Our Broken Economy, in One Simple Chart
by David Leonhardt
Many Americans can’t remember anything other than an economy with skyrocketing inequality, in which living standards for most Americans are stagnating and the rich are pulling away. It feels inevitable.
But it’s not.
A well-known team of inequality researchers — Thomas Piketty, Emmanuel Saez and Gabriel Zucman — has been getting some attention recently for a chart it produced. It shows the change in income between 1980 and 2014 for every point on the distribution, and it neatly summarizes the recent soaring of inequality.
The line on the chart (which we have recreated as the red line above) resembles a classic hockey-stick graph. It’s mostly flat and close to zero, before spiking upward at the end. That spike shows that the very affluent, and only the very affluent, have received significant raises in recent decades.
This line captures the rise in inequality better than any other chart or simple summary that I’ve seen. So I went to the economists with a request: Could they produce versions of their chart for years before 1980, to capture the income trends following World War II? You are looking at the result here.
The gray line in the chart above, labeled “1980,” shows the change in income from 1946 to 1980. Below, you can watch the change across every 34-year period starting with 1946-1980 and ending with 1980-2014. Each line is labeled with the final year in the period:
The message is straightforward. Only a few decades ago, the middle class and the poor weren’t just receiving healthy raises. Their take-home pay was rising even more rapidly, in percentage terms, than the pay of the rich.
The post-inflation, after-tax raises that were typical for the middle class during the pre-1980 period — about 2 percent a year — translate into rapid gains in living standards. At that rate, a household’s income almost doubles every 34 years. (The economists used 34-year windows to stay consistent with their original chart, which covered 1980 through 2014.)
In recent decades, by contrast, only very affluent families — those in roughly the top 1/40th of the income distribution — have received such large raises. Yes, the upper-middle class has done better than the middle class or the poor, but the huge gaps are between the super-rich and everyone else.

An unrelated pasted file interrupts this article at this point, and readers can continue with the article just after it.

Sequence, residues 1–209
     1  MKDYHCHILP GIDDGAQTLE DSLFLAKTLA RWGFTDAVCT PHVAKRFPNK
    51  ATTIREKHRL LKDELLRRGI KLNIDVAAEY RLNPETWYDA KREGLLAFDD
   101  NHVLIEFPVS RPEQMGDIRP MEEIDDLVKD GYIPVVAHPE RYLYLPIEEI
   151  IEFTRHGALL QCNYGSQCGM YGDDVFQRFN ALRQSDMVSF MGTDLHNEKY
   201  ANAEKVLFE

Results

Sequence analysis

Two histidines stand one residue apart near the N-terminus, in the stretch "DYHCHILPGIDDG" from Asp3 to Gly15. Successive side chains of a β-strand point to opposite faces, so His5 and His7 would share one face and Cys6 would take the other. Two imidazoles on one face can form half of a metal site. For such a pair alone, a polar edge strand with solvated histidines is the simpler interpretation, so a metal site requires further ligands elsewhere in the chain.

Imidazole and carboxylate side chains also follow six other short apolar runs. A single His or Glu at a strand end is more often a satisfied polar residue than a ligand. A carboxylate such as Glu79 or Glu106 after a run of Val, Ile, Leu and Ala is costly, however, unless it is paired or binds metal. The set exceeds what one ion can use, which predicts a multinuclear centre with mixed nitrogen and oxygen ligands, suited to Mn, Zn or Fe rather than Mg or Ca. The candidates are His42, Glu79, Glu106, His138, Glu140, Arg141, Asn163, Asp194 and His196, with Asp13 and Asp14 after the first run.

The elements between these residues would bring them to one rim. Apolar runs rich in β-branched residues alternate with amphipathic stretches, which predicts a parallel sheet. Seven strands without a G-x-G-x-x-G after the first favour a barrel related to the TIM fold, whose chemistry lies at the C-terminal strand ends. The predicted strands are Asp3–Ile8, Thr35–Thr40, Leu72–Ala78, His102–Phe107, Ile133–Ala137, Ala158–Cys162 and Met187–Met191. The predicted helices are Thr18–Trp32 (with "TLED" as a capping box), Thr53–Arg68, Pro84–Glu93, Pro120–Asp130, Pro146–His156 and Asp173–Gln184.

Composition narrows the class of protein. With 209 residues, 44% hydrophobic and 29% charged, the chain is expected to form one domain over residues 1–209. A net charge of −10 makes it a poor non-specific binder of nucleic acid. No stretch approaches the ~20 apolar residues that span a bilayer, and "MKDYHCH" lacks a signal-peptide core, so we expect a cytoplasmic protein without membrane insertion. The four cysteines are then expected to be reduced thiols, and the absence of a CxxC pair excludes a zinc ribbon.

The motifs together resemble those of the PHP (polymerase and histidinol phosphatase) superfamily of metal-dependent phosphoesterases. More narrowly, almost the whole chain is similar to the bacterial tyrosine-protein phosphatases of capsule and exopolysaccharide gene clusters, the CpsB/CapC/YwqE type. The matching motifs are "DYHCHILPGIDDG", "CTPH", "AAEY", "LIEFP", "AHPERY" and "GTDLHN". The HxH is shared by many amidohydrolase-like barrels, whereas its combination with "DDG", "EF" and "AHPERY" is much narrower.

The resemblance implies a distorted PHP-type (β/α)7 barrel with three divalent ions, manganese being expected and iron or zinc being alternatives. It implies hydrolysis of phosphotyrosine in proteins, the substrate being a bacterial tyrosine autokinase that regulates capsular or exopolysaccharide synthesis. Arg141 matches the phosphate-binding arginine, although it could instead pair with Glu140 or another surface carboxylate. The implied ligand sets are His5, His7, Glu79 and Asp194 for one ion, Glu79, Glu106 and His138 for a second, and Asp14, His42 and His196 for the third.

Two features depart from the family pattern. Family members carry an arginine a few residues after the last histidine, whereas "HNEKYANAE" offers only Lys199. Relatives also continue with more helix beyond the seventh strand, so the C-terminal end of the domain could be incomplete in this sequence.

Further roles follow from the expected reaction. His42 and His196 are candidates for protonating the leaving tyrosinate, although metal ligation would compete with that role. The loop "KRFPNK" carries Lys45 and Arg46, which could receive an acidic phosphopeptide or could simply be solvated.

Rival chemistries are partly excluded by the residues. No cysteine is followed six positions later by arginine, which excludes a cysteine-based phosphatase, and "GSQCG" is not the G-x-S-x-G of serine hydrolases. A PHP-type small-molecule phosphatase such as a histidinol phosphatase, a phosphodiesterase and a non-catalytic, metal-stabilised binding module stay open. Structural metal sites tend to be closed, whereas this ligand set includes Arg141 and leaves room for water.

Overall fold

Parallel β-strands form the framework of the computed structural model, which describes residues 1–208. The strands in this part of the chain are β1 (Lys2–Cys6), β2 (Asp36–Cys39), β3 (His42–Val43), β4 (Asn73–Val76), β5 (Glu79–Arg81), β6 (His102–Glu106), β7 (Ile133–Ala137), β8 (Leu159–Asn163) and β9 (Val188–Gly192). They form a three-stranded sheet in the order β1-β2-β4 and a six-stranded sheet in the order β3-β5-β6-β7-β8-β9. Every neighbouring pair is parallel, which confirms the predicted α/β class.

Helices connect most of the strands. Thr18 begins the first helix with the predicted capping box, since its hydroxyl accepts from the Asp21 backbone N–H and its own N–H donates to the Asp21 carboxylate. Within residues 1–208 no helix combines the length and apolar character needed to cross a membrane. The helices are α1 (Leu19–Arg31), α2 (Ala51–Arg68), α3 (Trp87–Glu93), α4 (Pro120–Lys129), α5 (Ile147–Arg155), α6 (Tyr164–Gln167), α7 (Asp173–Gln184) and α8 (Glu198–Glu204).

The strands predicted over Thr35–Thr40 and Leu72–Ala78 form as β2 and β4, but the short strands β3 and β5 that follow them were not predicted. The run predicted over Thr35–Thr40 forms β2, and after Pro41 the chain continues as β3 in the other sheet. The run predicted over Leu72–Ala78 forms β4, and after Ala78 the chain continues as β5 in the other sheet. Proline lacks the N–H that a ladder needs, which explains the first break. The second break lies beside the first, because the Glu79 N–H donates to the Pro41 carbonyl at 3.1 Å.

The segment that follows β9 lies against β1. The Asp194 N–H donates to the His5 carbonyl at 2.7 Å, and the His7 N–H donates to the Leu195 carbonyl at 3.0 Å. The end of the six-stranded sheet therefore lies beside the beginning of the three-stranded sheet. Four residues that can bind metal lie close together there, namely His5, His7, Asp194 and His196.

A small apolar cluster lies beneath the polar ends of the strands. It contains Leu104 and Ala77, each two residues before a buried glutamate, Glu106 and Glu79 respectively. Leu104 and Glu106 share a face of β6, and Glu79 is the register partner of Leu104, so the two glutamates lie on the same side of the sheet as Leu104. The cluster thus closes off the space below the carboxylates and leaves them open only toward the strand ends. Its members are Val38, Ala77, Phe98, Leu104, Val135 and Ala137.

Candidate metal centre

The basic problem is that most families used to receive something approaching their fair share of economic growth, and they don’t anymore.
It’s true that the country can’t magically return to the 1950s and 1960s (nor would we want to, all things considered). Economic growth was faster in those decades than we can reasonably expect today. Yet there is nothing natural about the distribution of today’s growth — the fact that our economic bounty flows overwhelmingly to a small share of the population.
Different policies could produce a different outcome. My list would start with a tax code that does less to favor the affluent, a better-functioning education system, more bargaining power for workers and less tolerance for corporate consolidation.
Remarkably, President Trump and the Republican leaders in Congress are trying to go in the other direction. They spent months trying to take away health insurance from millions of middle-class and poor families. Their initial tax-reform plans would reduce taxes for the rich much more than for everyone else. And they want to cut spending on schools, even though education is the single best way to improve middle-class living standards over the long term.
Most Americans would look at these charts and conclude that inequality is out of control. The president, on the other hand, seems to think that inequality isn’t big enough.
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